While The Da Vinci Code is a work of fiction, many people believe it to be truth because Dan Brown makes some claims of truth in the book. As a result, some people now claim that the Bible has twisted the history of Jesus. In the end, the actual truth is confused with fiction, and many other deceptions about the truth. A few of them are outlined in this article.
The author of this article looks at the spiritual background to The Da Vinci Code, noting that Dan Brown was advocating for believers to embrace "pre-Christian" symbols. The religious view he advocates is paganistic pantheism, which generally includes a number of cultic groups and religions including Freemasons, Gnostics, magicians, satanists, and Hinduism.
"Let the buyer beware." This is the warning that is contained in this article for those who would read The Da Vinci Code. Some of the problems pointed out are the twisting of truths with regard to Jesus' alleged marriage to Mary Magdalene, the fallacy of the woman perceived to be Mary Magdalene in Leonardo Da Vinvi's portrait The Last Supper, and the gnostic texts discovered at Nag Hammadi.
It is becoming increasingly difficult to use the word "cult" from a Christian point of view. This is because those who have been lured by the culture of relativism (including Christians) have developed their own definition of a cult, which is identified as a religious group that stands on the truths of the Word of God.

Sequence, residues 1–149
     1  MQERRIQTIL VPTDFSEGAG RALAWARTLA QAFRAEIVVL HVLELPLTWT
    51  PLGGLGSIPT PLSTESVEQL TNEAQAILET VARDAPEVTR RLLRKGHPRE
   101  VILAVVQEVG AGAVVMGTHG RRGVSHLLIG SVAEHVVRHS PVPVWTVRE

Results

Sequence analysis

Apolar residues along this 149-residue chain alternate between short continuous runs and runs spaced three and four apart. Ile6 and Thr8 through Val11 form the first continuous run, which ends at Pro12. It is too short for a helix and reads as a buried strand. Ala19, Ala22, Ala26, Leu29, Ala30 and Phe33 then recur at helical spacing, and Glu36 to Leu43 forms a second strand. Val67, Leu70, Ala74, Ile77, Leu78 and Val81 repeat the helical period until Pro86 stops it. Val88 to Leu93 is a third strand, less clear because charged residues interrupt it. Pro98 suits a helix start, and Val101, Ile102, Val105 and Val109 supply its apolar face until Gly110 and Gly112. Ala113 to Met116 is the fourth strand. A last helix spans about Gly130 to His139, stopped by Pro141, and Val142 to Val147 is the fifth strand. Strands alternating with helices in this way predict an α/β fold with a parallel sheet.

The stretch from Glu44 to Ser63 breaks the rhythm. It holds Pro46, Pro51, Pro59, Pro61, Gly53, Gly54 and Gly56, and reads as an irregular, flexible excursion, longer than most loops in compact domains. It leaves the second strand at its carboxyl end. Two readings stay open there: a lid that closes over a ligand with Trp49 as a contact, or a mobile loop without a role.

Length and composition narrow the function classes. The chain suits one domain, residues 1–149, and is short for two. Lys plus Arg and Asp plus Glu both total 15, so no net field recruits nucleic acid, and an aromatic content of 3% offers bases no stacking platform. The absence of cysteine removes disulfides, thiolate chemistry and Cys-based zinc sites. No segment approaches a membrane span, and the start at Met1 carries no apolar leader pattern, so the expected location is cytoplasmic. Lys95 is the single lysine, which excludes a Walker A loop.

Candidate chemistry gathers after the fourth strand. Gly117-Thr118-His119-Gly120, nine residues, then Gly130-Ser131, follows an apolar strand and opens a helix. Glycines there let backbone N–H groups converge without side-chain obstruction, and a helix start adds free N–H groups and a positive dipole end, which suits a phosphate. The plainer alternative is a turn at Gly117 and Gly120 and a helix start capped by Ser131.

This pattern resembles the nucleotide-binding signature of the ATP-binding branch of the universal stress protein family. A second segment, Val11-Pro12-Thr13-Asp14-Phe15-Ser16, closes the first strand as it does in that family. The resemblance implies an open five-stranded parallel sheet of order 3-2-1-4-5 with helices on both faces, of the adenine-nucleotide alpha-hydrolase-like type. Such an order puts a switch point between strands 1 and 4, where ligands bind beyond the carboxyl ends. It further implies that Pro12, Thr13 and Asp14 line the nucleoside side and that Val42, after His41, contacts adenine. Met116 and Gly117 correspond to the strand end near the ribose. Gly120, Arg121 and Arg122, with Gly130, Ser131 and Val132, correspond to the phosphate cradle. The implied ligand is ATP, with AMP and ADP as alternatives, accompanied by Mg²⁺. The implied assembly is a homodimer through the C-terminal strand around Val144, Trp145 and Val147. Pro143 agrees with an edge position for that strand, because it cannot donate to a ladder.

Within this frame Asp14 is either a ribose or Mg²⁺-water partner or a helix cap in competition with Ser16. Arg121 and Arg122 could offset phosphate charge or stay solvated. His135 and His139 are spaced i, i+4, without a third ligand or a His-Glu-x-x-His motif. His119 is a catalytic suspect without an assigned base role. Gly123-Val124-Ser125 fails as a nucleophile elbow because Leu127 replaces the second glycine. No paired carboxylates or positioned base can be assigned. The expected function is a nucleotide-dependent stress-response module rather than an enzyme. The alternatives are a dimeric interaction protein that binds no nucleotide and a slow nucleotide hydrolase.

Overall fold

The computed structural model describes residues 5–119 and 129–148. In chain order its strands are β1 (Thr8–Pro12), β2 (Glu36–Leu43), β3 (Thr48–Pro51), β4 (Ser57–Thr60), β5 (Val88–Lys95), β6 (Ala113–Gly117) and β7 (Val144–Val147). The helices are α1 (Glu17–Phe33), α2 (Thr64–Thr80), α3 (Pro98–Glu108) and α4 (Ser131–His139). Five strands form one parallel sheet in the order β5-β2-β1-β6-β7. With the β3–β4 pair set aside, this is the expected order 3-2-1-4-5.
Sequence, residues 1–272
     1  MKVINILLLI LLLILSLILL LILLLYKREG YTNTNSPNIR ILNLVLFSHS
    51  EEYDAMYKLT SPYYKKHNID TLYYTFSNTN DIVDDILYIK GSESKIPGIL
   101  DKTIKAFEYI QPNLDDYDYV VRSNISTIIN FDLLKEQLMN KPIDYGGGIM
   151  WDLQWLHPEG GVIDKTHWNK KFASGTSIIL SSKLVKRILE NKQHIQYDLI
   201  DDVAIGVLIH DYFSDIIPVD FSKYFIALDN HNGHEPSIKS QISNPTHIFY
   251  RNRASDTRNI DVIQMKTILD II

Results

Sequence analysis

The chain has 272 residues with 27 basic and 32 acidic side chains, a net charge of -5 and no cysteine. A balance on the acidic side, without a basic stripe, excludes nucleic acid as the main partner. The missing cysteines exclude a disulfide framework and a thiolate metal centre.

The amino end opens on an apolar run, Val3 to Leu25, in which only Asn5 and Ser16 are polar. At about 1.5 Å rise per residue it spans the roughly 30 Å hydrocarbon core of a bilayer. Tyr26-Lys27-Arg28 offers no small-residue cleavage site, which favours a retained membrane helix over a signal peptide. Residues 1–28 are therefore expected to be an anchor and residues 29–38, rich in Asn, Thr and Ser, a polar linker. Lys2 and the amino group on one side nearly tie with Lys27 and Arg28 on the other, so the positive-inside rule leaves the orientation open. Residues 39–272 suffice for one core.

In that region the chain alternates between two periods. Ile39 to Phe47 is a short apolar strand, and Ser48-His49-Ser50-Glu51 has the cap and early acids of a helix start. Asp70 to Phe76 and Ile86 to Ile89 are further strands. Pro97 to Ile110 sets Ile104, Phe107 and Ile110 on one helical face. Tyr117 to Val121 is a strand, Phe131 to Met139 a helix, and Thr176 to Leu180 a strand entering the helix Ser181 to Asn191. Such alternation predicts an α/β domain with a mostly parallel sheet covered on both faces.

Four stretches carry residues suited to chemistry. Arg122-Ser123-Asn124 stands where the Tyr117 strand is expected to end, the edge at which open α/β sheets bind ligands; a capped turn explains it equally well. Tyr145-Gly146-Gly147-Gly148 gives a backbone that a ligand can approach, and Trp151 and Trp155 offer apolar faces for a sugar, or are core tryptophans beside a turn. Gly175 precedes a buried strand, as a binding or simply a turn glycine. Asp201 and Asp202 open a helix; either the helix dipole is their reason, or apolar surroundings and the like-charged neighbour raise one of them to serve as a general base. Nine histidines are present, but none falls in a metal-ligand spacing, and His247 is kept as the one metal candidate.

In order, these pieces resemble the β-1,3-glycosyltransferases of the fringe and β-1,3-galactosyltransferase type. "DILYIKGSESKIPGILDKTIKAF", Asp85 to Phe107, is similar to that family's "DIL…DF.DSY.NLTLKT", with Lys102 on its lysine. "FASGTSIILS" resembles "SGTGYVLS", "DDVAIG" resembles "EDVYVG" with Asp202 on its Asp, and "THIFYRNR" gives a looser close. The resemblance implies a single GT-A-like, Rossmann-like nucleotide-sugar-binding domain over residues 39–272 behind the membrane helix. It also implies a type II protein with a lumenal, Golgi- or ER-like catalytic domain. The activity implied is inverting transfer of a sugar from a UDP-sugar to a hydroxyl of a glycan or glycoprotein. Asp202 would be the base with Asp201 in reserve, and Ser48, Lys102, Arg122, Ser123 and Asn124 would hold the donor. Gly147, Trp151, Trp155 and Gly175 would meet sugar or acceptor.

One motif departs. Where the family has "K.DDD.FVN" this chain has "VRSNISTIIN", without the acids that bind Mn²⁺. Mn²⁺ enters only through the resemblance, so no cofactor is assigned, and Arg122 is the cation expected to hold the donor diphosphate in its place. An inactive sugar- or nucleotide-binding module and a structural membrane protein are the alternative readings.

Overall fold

The article handles the important issue of being able to identify false teachings and false religions that lure people from salvation in Christ. Knowledge of Scripture is one good tool and defence weapon against these false teachings. The other is the testimony of the assurance of salvation in the redemptive work of Christ.
This article bemoans the prevailing anti-intellectual trend in today's popular culture as one of the reasons for the rise of cultic groups that lead people astray from true teachings of the Word of God. Other factors mentioned include the hyper-individualistic culture, as well as the coming of the internet. To recover from this, believers must regain the desire and the ability to think, loving God with all their heart and mind.
The author reviews the publication by Steve Chalke and Alan Mann on their view of retributive justice. He rejects their views that God's wrath and punishment have no place in the preaching of the gospel, but rather love. The author emphasizes that the love of God is fully demonstrated in his giving his Son to die for us while we were yet sinners.